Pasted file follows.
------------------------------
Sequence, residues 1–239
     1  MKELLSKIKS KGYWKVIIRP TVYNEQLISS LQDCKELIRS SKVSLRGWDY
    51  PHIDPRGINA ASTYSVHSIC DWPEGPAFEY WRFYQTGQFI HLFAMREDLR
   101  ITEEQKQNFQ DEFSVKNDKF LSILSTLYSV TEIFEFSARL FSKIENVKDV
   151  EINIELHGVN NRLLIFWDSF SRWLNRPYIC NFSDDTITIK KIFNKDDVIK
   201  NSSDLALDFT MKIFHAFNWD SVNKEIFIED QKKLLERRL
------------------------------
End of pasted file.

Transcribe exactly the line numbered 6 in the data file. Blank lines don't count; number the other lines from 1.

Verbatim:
   201  NSSDLALDFT MKIFHAFNWD SVNKEIFIED QKKLLERRL